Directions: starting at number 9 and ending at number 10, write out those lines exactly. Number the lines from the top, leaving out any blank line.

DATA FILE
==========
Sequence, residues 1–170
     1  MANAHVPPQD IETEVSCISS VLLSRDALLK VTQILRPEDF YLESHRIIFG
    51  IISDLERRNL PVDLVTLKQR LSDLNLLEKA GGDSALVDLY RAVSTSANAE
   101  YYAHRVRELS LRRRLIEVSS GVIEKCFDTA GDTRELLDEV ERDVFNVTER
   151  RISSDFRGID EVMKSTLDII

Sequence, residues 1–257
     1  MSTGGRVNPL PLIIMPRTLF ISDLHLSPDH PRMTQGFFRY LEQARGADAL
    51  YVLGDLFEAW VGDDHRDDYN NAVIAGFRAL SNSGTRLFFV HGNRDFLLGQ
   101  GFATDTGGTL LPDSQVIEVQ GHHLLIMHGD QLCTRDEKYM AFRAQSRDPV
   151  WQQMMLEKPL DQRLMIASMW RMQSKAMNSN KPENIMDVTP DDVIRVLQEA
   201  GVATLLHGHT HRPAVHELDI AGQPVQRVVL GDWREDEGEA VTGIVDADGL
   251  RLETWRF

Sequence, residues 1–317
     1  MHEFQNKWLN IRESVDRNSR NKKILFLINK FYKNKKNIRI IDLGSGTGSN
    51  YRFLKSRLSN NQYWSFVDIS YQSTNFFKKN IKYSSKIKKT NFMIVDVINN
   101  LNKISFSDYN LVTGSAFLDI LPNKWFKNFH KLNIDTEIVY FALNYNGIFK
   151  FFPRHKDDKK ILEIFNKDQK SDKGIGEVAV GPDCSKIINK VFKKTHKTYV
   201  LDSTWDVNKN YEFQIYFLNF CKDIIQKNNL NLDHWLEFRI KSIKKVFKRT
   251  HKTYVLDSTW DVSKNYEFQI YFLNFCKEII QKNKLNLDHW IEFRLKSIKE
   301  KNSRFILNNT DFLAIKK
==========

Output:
   101  GFATDTGGTL LPDSQVIEVQ GHHLLIMHGD QLCTRDEKYM AFRAQSRDPV
   151  WQQMMLEKPL DQRLMIASMW RMQSKAMNSN KPENIMDVTP DDVIRVLQEA